HOUSE PORN: Treasure or Trash?—A Frank Lloyd Wright House is Saved from the Wrecking Ball.

There is a line between junk and a classic. While the saying “one man’s art is another man’s treasure,” may be true in some cases, there is a dividing line between a master’s work that should be preserved for the ages, and utilitarian dreck that is past its prime. Most of us can tell a classic Ferrari or Aston Martin from a 1982 Toyota Camry that needs a tow truck to give it a lift to the junkyard. Or a vintage Chanel suit from a threadbare Sears-label blazer.

And so is the separation between a structure in need of demolition, and one needing to be saved.

An architectural case in point is the David and Gladys Wright House—which legendary architect Frank Lloyd Wright built for his son and daughter-in-law in 1952. Wright is one of the most iconic architects this country has ever known, still each structure seemingly must fight for its preservation.

Preservationists and architects have been battling developers over the demolition of this one of a kind, circular Phoenix home iconic house lovingly built by the architect for his son. The developers who recently bought the property had announced that they were going to "move in, invite everybody to come in and take their pictures, and I'm going to wait three years...then I'm going to knock it down to recoup my losses."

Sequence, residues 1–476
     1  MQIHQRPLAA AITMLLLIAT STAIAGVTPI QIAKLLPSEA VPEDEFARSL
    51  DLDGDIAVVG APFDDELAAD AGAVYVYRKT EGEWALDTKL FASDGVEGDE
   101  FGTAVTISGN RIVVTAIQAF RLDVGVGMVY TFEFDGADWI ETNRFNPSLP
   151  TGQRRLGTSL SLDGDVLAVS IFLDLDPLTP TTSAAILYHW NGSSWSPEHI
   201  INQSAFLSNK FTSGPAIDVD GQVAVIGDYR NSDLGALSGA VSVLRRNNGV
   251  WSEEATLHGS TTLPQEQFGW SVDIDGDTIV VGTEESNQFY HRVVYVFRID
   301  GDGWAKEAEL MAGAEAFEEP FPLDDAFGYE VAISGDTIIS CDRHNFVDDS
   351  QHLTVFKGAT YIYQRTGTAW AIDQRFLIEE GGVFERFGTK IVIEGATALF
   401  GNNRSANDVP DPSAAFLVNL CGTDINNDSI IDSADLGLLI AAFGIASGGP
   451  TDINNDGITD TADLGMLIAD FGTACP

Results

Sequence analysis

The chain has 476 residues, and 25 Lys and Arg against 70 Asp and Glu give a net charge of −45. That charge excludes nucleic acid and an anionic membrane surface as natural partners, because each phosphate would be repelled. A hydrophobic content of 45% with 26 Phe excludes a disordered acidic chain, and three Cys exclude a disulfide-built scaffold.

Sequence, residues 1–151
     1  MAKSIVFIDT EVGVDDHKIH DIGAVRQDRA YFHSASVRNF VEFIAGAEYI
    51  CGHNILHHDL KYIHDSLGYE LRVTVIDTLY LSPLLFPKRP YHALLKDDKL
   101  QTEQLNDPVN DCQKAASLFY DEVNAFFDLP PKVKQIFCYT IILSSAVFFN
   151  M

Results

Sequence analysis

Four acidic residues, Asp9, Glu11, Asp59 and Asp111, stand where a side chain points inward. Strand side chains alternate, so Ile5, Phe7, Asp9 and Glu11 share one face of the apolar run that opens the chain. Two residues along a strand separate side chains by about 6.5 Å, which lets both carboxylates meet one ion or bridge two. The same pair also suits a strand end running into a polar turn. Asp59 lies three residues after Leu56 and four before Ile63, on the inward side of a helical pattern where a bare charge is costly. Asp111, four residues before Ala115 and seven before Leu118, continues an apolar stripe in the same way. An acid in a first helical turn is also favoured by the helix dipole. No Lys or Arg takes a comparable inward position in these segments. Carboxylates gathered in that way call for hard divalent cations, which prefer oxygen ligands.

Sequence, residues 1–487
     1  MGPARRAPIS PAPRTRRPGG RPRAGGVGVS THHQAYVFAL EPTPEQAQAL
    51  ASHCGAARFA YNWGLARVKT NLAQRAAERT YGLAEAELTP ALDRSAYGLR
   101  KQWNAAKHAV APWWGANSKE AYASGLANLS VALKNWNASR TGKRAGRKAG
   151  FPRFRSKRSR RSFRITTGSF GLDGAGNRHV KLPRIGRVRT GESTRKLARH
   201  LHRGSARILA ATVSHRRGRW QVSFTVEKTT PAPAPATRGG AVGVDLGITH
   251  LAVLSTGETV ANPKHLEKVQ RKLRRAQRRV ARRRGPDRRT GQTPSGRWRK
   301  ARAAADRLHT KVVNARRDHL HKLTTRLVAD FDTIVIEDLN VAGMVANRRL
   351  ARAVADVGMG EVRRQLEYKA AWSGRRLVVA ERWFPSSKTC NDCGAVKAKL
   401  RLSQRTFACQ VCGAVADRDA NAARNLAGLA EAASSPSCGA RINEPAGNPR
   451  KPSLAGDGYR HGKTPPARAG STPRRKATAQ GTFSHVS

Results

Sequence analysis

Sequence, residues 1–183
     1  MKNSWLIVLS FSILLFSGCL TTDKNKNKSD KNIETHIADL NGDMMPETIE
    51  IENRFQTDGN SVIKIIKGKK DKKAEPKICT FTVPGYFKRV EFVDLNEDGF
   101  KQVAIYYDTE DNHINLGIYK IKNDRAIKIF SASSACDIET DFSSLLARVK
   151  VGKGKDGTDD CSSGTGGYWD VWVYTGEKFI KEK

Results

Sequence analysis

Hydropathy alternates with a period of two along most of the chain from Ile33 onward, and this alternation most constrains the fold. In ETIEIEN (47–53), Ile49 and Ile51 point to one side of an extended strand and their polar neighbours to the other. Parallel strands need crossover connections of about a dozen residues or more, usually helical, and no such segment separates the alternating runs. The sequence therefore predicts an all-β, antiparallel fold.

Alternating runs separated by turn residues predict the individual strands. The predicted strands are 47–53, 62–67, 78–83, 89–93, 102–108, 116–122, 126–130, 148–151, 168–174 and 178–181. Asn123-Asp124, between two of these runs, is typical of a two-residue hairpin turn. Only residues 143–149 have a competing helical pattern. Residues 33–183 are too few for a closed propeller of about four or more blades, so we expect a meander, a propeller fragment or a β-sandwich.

To architecture lovers, this was akin to saying you were going to adopt a kitten only to abandon it without food or water in the desert. Sacrilege!

The developers said they had no idea of the homes significance, or of the difference “between Frank Lloyd Wright and the Wright brothers.”

The current owners, John Hoffman and Steve Sells, bought the house in June 2012 for $1.8 million, paying $1 million less than its previous owners paid to Wright’s granddaughters. Their plan was to split the lot and build two luxury homes on the lot. They estimated that the land alone was worth $1.2 to 1.4 million—meaning that the property was more valuable to them without the Wright-designed masterpiece than in its current configuration.

The New York Times describes Wright’s signature on a red tile by its front door — “equal parts seal of approval and certificate of authenticity,” and goes on to paint the picture of the house, “Piano hinges, which line cabinets and doors from top to bottom, still hold strong. The floor, in colored concrete, has cracks that show its age but also lend it a degree of rugged charm.”

Fortunately, The Frank Lloyd Wright Building Conservancy announced that it facilitated the purchase of the home for $2.387M. The house is being purchased by an anonymous buyer. So how did they nab the house from the grasp of the greedy developer? Well, they had to pay him nearly $600, 000 more than he had paid for the home, only a few months prior (que video clip of Dr. Evil from Austin Powers). http://youtu.be/cKKHSAE1gIs

It seems that $600,000 is the difference between trash, and treasure. And there is a difference between Frank Lloyd Wright and the Wright brothers.

Sources: Curbed, The New York Times

blog comments powered by Disqus

The Featured Five